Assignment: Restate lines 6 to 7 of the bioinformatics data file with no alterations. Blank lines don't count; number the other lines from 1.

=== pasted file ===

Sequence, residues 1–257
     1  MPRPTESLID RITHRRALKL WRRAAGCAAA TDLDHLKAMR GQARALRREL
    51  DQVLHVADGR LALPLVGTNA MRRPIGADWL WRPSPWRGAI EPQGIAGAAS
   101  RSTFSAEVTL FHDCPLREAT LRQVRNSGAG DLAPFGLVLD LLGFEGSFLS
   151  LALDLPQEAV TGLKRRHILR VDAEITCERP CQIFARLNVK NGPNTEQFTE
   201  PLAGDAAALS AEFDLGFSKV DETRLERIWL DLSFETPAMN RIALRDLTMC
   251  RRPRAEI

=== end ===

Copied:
   201  PLAGDAAALS AEFDLGFSKV DETRLERIWL DLSFETPAMN RIALRDLTMC
   251  RRPRAEI